Former Deptartment of Revenue auditor sentenced to prison

  • Article by: JAMES WALSH , Star Tribune
  • Updated: September 7, 2011 - 8:36 PM

Pamela Dellis of Lindstrom said her gambling addiction led to a five-year scheme to defraud the state out of nearly $2 million. She was sentenced to five years in prison.

The architect of a scheme to defraud Minnesotans out of nearly $2 million was sentenced to five years in federal prison Wednesday.

Pamela Dellis, a former auditor for the Minnesota Department of Revenue, said a gambling addiction caused her to concoct a scheme that involved creating more than 200 phony state tax refunds. Dellis enlisted her sister and niece to help with the fraud that lasted nearly five years.

All three had pleaded guilty earlier. Dellis, 58, of Lindstrom, admitted to conspiracy to commit mail fraud and money laundering. Nancy Sondrall, 55, of Brooklyn Center, and Laurie Sondrall, 29, of Minneapolis, each pleaded guilty to conspiracy to commit mail fraud.

U.S. District Judge Joan Ericksen last month sentenced Laurie Sondrall to more than two years behind bars. Nancy Sondrall is awaiting sentencing.

Despite pleas for a lesser sentence from Dellis' attorney, Ericksen said she was mindful of the need for the public to have confidence that public officials who steal will be held accountable.

"This is a serious and shocking violation of the public trust," Ericksen said.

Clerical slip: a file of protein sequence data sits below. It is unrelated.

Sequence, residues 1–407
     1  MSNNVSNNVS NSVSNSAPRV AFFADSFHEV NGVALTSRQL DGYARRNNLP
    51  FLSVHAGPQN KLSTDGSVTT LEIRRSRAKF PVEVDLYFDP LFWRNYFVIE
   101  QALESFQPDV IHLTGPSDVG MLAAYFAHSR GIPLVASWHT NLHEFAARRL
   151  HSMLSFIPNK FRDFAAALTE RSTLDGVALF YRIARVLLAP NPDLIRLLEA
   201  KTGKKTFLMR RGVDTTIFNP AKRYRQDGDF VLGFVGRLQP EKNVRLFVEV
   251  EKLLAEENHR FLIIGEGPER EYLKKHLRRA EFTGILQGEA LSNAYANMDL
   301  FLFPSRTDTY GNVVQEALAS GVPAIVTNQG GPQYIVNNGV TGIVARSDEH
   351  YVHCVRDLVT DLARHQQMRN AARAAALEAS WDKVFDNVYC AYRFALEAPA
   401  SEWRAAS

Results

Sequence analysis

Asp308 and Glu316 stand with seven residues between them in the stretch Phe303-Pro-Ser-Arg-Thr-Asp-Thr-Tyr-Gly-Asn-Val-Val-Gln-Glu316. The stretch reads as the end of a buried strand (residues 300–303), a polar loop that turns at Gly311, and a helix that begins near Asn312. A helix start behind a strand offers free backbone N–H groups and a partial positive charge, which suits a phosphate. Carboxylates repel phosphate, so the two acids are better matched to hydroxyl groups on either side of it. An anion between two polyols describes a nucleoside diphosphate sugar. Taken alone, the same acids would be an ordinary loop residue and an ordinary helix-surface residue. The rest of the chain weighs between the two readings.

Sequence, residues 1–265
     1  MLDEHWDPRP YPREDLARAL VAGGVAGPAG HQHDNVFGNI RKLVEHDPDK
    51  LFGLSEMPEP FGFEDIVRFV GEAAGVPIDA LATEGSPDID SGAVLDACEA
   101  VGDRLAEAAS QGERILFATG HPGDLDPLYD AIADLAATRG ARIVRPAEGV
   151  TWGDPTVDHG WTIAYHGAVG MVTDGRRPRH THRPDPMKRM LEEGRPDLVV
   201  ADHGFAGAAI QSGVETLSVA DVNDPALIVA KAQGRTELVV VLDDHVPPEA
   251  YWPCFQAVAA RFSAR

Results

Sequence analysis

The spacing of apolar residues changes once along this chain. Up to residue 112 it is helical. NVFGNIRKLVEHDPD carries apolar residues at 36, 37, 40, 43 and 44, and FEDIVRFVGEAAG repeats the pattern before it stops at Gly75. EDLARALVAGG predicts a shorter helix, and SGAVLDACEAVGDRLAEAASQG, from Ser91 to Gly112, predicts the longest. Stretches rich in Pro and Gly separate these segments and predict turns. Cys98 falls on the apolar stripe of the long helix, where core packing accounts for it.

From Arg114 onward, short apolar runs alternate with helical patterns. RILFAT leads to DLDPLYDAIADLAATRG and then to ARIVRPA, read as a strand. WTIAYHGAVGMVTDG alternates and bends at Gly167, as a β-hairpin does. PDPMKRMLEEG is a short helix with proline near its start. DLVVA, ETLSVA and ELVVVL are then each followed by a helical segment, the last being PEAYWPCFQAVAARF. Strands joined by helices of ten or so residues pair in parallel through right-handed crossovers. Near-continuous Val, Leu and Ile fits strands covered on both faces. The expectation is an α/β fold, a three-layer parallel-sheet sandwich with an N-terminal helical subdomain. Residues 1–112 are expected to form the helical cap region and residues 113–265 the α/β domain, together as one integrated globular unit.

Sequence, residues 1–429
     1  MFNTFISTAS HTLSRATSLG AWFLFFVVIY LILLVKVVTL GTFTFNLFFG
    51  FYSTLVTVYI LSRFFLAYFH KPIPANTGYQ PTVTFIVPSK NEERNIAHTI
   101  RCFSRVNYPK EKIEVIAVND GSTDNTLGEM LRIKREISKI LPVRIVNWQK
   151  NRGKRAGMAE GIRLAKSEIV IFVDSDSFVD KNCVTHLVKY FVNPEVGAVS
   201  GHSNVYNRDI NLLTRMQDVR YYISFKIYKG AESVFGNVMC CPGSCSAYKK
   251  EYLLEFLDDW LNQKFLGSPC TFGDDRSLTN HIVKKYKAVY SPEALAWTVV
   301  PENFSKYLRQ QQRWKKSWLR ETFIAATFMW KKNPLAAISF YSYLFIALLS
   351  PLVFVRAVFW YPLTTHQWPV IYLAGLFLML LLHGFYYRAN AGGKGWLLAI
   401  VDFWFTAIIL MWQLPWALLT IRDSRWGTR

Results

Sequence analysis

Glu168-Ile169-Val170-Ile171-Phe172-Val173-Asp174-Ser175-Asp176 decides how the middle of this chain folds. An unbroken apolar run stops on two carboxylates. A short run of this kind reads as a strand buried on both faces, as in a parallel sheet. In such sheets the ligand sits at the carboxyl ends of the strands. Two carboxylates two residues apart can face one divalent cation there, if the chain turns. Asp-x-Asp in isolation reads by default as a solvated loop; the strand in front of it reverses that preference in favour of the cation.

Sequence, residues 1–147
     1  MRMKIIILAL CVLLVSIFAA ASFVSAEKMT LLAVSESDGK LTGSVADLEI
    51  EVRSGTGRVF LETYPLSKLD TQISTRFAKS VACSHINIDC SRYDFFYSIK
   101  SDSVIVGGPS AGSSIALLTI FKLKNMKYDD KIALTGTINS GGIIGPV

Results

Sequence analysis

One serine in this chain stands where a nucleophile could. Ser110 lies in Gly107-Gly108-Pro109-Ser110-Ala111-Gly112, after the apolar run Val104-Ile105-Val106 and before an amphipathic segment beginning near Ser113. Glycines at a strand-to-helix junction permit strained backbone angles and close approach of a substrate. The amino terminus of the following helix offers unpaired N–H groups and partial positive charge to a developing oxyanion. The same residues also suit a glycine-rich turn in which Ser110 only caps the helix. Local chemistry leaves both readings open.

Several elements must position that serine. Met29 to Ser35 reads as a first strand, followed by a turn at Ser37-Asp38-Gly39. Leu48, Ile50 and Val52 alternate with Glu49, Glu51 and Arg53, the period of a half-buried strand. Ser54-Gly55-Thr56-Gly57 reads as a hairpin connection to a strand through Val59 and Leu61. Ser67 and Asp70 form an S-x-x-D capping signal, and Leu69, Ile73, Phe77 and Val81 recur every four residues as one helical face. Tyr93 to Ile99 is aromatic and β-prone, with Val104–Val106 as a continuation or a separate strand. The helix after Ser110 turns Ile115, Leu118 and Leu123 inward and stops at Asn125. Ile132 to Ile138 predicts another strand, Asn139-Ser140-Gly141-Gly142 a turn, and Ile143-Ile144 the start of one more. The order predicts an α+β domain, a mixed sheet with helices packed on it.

Dellis' job as an auditor was, in part, to process legitimate tax overpayments. She had been with the Minnesota Department of Revenue since September 1981.

State Revenue Commissioner Myron Frans testified at the sentencing. He said Dellis' crime demoralized revenue employees and eroded the public's trust in the department.

"We will hold any employee who engages in criminal activities accountable for abuse of public trust and funds," Frans said.

He said the Department of Revenue has taken steps to protect taxpayers from the type of inside job Dellis got away with for years, including moving to a new integrated tax system and instituting new approval requirements for manual refunds.

Later Wednesday, state officials announced that Mike Turner has been named to the new post of agency internal audit manager. The position is meant to improve quality and efficiency while reducing costs. Frans acknowledged the position is, in part, a response to Dellis' ability to elude detection for so long.

Turner will join the revenue department on Sept. 28 and report directly to Frans.

James Walsh • 612-673-7428

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